This week, in honor of Black History Month, we want to commemorate Florence Price, the first black female composer to have a symphony performed by a major American orchestra.
She was born as Florence Smith in Little Rock, Arkansas in 1887 and was something of a child prodigy. She had her first piano performance at 4 years old, published her first composition at 11, and, at 14, she gained acceptance to the New England Conservatory of Music with a major in piano and organ. From there, her career began to blossom.
Racial tensions were high in the South, so Price initially had to pretend to be Mexican at school to escape the prejudices people had toward African Americans at this time. She turned her focus to composition and counterpoint while studying with composers George Chadwick and Frederick Converse at the conservatory. She graduated in with honors in 1906, having written her first string trio and symphony while completing her teaching certificate and artist diploma.
Price began teaching when she finished school, and soon after married. In 1927, as the social climate became more dangerous in the South, Price and her husband relocated to Chicago where her compositional career took off. She spent many of her early years in Chicago studying languages and liberal arts subjects at local conservatories and colleges and studying composition and orchestration with leading teachers in the city.Even in the North, segregation and discrimination were inescapable. It was not uncommon for African Americans to be turned away from performing certain venues just because of their race. She found a community for herself when she joined the Chicago Music Association (CMA), which helped provide performance venues for African American musicians that were denied access to major concert halls.
Financial struggles led to Price’s divorce, which left her a single mother of two young girls in the city. She soon moved in with her pianist friend, Margaret Bonds. Together, Price and Bonds submitted compositions for Wanamaker Foundation Awards. Price won first prize for her Symphony in E minor and third for her piano sonata. The Chicago Symphony premiered the symphony in 1933, making Florence Price the first black female composer to have their piece performed by a major symphony orchestra.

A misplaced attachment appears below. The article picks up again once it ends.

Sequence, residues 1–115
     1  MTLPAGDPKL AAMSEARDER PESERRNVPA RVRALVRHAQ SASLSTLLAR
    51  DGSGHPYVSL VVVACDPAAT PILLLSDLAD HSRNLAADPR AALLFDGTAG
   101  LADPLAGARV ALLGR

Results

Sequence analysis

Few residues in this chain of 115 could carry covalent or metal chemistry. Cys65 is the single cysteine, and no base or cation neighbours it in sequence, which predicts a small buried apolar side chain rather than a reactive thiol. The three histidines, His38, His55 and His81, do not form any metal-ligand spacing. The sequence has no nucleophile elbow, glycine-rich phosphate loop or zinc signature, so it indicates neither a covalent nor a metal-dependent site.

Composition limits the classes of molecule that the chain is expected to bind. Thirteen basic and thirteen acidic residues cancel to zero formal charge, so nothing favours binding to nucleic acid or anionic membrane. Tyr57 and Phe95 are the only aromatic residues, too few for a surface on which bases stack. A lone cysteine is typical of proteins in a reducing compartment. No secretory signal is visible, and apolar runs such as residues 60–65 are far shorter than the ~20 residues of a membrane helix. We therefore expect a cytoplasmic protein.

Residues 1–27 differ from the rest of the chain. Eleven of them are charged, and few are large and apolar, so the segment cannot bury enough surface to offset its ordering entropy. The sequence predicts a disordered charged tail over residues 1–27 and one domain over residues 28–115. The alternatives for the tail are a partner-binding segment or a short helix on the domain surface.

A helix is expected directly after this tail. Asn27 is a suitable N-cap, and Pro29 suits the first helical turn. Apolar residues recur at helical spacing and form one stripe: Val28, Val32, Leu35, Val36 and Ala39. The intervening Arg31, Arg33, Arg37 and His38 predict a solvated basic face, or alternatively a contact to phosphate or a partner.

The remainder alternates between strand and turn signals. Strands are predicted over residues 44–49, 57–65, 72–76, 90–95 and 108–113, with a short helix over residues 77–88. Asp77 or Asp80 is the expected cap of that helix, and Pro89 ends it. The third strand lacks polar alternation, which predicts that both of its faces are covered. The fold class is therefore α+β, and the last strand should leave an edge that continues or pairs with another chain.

As a single woman, she supported herself by publishing and selling her piano works under the pseudonym “Vee Jay”. She also orchestrated and played organ for WGN radio in addition to playing piano with regional ensembles such as the Michigan WPA Symphony, the Forum String Quartet, and the Chicago Chamber Orchestra. She also served as Recording Secretary of the CMA for a term.
Price wrote a large variety of pieces, including art songs, works for violin, organ, and piano, spiritual arrangements, chamber pieces, four symphonies, three piano concertos, and a violin concerto. Her style was heavily influenced by black melodies and rhythms, regardless of her training in European style composition. She took inspiration from African American church music and spirituals and weaved in traditional European Romantic techniques to create truly unique works with rich melodies and interesting rhythmic patterns.
Florence Price passed of a stroke at 66 in Chicago. With the changing times after her death, her music was overshadowed by new musical styles and some of her work was lost. In recent decades, her music has been revived by the Women’s Philharmonic, the New Black Repertory Ensemble, and various other women and African American centric ensembles and artists around the country. With each performance and remastering, the musical world is developing a new appreciation for her contribution to 20th century repertoire.
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